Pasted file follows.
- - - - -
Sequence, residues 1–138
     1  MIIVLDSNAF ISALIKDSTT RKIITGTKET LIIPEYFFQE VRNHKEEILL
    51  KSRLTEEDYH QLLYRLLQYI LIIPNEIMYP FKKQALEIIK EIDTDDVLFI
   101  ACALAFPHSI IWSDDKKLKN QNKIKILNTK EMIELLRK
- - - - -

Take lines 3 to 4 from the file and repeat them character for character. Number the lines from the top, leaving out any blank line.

    51  KSRLTEEDYH QLLYRLLQYI LIIPNEIMYP FKKQALEIIK EIDTDDVLFI
   101  ACALAFPHSI IWSDDKKLKN QNKIKILNTK EMIELLRK